"Alarmingly high turnover in many of our engineering classifications has had costly consequences," Transportation Secretary Mike Hancock said in a statement. "We have witnessed an exodus of our best talent for significantly better pay and benefits being offered by private engineering firms, highway contractors and even some of our local governments."

The departures, Hancock said, are "threatening to destroy our core engineering competencies. It also has forced the cabinet to increasingly rely on private contractors at premium rates."

Last year, the Transportation Cabinet paid $150.7 million for professional engineering service contracts.

That compared to $101.7 million in 2004 — a 48.1 percent increase. The highest contracting total during that decade was $176.5 million in 2013.

Design engineering has been hit especially hard, Hancock said.

Fifteen years ago, he said, the cabinet performed 70 percent of its design engineering work in-house.

Today, 70 percent is performed by outside consultants.

Many former state engineers now are working for private firms, and "the cabinet is paying a consulting firm a premium for their work — in some cases more than double the in-house cost," Hancock said.

For example, the cabinet pays about $24 an hour in salary and benefits for engineers in training I. The cost for an outside consultant to do the same work is about $61 an hour, an increase of 154 percent, according to state estimates.

Hancock also said the starting salaries for engineers in the cabinet paled in comparison to those of many states.

The entry salary level for an assistant state highway engineer in Kentucky last year was $58,188. It was $128,503 in Connecticut, $72,324 in Tennessee and $62,100 in West Virginia.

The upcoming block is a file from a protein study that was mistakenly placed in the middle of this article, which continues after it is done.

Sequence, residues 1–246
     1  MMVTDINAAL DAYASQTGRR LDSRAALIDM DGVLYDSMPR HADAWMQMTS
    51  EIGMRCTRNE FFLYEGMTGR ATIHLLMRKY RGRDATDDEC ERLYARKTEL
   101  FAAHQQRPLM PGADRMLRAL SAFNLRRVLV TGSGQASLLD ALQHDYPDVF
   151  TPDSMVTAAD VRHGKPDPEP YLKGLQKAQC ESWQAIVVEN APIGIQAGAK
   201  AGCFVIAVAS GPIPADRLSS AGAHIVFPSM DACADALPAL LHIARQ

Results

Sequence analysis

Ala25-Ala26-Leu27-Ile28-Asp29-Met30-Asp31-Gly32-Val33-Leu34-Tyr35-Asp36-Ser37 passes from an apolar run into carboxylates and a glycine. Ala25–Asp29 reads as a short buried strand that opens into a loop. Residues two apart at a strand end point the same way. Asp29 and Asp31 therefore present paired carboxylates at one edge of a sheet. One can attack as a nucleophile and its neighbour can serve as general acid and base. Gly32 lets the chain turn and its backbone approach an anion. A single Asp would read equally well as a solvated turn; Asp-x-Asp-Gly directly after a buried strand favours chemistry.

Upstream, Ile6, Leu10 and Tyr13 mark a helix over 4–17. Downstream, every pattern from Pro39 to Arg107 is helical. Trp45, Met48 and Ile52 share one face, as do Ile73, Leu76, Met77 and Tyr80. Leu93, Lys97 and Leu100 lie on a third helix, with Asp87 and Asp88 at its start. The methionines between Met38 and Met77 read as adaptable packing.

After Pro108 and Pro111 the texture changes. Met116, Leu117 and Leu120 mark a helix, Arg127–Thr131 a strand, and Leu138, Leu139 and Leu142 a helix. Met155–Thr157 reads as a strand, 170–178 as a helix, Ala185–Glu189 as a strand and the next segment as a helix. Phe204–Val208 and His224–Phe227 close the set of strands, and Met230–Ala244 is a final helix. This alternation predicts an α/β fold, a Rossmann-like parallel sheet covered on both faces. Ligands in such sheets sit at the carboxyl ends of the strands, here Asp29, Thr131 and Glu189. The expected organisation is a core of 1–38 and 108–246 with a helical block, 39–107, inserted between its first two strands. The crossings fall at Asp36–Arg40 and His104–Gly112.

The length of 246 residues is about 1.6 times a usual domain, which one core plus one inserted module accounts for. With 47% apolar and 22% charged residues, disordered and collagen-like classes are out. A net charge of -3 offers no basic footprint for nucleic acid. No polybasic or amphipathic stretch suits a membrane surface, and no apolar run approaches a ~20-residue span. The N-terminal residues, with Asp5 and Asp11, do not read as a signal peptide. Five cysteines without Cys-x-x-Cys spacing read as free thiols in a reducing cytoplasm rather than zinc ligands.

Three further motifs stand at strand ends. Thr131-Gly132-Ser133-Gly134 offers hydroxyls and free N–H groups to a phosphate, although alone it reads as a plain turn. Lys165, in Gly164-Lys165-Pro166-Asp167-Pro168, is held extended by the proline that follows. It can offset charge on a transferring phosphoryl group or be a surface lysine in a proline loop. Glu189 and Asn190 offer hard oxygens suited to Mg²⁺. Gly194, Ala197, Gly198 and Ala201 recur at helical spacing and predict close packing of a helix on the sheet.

CompData, a national compensation survey firm, said a salary survey of public and private engineering salaries showed Kentucky's Transportation Cabinet well below neighboring states.

The average salary for a transportation engineer in the Kentucky cabinet was $56,000. A comparable job paid $76,800 in the Southeast and $77,100 in the Midwest.

State Sen. Julian Carroll, D-Frankfort, said he's concerned about the high departure rate of engineers and the resulting increase in spending on personal-service contracts.

"Some engineers have been picking up the workload of three to five employees at the same salary level," Carroll said.

He contended that it's much better to hire an engineer full-time than to hire engineers through contracts.

"The full-time employees have the background of relating to other departments in the cabinet and know the history of projects and previous contracts," he said.

The state legislature needs to examine the salary structure for all state employees, Carroll said.

He said that in early June, Gov. Steve Beshear ordered the salaries of nearly 800 state workers to increase on July 1 to $10.10 an hour.

"I get 25 to 50 email messages a day, asking, 'why just these employees?'" Carroll said. "Others are struggling, too."

Carroll said he plans to seek approval during next year's legislative session of a raise for state workers of 3 percent to 5 percent.

"It will cost a lot of money from the budget, but we have to be concerned with the production level required in state government and make sure we have enough people to do all that has to be done," he said.